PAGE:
250,000+ Login/Passwords Leaked in The Trident Crypto Fund Data Breach


More than 260,000 customers’ data was compromised online in a gigantic data breach that went down pretty recently.

Trident Crypto Fund, per reports, experienced this data breach which gave rise to the leakage of thousands of customer records including usernames and passwords, online.

Per sources, Trident is a crypto-investment index fund that functions as an arm of the “Dragonara Business Center”, Italy. It also is reportedly the “first coin-based index fund”.

And like scattered sugar for ants, the leaked records were immediately devoured by the cyber-cons right after they were compromised.

Per sources, personal data of over 260,000 registered users of the Trident Crypto Fund was left bare for people to exploit as per they wished to.

Reports mention that the leaked data comprised of phone numbers, encrypted passwords, email addresses, and IP addresses.

The aforementioned data was discovered to be published on several “file-sharing” websites in the past month.

According to researchers, the hackers had evidently de-crypted the stolen files and published an array of over 120,000 passwords at the beginning of March. It was also found out that the password and login ID pairs were matchless with the ones previously leaked.

The details or even the mention of the data breach haven’t appeared on the website or on other communication platforms. But reportedly, a victim of the breach was contacted who confirmed the connection between the fund and the leaked data.

As mentioned on the fund’s website, the company “works hard” to protect its customers’ data and secure accounts. They allegedly are also investigating the “suspected breach”.

The Russians were the ones to get heavily affected by the above-mentioned data leak as the compromised data was a direct key to their accounts. Word has it that more than 10,000 Russian users were impacted by the Trident Crypto Fund data breach.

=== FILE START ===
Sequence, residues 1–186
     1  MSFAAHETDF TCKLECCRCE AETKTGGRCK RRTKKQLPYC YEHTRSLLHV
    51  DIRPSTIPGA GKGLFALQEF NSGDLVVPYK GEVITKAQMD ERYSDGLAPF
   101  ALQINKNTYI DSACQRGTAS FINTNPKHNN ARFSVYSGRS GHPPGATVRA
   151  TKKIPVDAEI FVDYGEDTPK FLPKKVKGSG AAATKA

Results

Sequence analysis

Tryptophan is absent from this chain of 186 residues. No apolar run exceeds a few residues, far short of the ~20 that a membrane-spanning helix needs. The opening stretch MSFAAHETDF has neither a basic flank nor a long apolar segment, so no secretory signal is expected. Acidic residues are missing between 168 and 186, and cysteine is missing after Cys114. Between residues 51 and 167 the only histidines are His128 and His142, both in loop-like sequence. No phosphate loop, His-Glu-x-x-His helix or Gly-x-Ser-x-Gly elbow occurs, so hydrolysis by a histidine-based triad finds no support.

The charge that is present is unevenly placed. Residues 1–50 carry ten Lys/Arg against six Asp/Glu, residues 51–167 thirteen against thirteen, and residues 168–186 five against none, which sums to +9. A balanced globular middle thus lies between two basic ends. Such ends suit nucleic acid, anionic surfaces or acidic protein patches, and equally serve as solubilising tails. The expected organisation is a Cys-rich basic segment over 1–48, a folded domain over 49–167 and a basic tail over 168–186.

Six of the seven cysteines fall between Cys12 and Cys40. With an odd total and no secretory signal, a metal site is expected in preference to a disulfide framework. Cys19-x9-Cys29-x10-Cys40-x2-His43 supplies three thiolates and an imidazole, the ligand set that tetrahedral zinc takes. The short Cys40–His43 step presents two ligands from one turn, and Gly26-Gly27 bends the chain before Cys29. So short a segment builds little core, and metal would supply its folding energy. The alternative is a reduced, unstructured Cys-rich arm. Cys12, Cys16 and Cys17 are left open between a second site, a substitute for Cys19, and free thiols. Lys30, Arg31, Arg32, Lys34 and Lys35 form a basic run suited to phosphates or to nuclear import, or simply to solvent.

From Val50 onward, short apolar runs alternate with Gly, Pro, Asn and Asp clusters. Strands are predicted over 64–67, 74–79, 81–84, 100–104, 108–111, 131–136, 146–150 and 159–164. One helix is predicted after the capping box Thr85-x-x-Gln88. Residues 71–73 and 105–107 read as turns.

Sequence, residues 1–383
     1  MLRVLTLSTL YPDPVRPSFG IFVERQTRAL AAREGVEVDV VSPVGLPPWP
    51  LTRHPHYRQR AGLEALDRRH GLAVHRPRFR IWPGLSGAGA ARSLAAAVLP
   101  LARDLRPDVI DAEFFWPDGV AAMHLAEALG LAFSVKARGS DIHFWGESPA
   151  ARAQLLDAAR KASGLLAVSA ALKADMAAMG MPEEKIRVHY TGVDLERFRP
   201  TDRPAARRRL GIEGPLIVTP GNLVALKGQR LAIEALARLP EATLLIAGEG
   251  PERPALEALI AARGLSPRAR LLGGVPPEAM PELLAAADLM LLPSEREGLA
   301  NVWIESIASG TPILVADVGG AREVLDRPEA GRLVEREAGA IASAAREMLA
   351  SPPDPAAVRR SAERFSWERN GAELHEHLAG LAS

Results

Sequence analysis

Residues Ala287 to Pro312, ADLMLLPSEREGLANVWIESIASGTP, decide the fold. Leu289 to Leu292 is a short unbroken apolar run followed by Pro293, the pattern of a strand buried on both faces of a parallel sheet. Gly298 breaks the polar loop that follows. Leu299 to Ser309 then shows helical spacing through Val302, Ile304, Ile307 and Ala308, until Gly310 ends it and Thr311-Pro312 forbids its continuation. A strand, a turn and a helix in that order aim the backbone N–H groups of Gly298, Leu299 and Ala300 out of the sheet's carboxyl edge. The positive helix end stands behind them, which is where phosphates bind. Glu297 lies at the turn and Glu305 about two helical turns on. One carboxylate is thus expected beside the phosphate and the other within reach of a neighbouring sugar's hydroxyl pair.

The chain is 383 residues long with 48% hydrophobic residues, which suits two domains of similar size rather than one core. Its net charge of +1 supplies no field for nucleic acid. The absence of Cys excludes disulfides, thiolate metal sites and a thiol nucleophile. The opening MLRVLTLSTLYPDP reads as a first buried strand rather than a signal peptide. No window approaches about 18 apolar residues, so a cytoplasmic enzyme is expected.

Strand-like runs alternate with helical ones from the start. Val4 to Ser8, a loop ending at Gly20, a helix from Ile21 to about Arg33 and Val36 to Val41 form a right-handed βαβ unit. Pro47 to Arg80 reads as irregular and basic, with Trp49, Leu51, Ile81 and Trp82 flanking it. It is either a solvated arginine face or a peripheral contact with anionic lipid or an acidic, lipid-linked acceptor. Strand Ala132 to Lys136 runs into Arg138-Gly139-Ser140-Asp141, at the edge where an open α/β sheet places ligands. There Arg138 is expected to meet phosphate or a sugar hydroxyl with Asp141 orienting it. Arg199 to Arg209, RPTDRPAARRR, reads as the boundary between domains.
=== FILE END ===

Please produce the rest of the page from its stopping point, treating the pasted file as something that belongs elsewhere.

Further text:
Even though it’s possible that Russian residents might have had their records leaked previously as well, there are no records of that happening.

Nevertheless, this data breach structured the history of data leakages for Russia as this happens to be one of the first major ‘Personal’ data breaches the country’s citizens have faced that has had such a major impact.

Security is Clearview’s top priority?


Clearview AI an American technology company was, as of late breached as hackers figured out how to exploit a security flaw and 'make-off' its whole client list. Despite the fact that there's a lot of reason of concern, the specific nature and source of the breach remain unknown as of now. The company anyway has emphasized over and over that it has already patched the vulnerability and insists its that servers were not accessed. 

The facial recognition software company has made claims, that not exclusively does its clientele incorporates many police stations, but it purportedly services the FBI and DHS and said that they are exclusively working with law enforcement agencies. 

The Daily Beast's Betsy Swan originally investigated the breach. In the wake of assessing the documents from Clearview AI staff they wrote: 

Clearview AI disclosed to its customers that an intruder “gained unauthorized access” to its list of customers, to the number of users accounts those customers had set up, and to the number of searches its customers have conducted. 

The breach, however, isn't the main issue Clearview AI has to deal with currently. It's additionally entangled in a standoff with an alliance of tech titans hell-bent on seeing it shutdown. The contention comes from the company's utilization of "publicly available" images of peoples from the internet to compile its database. 

Supposedly, Clearview has billions of images in its database of simply peoples' faces. It assembles these images by utilizing a "crawler" AI to scour websites like Facebook, Twitter, and Google Image Search for each accessible picture. At that point, it coordinates the faces with whatever data it can discover on the internet and gives law enforcement access in a convenient application. 

Up until now, the company's gotten cease and desist letters from Microsoft, Google, Venmo, and Twitter. While it's very vague precisely what legitimate response Clearview has now, it seems like it might be going towards a court confrontation like HiQ v. LinkedIn.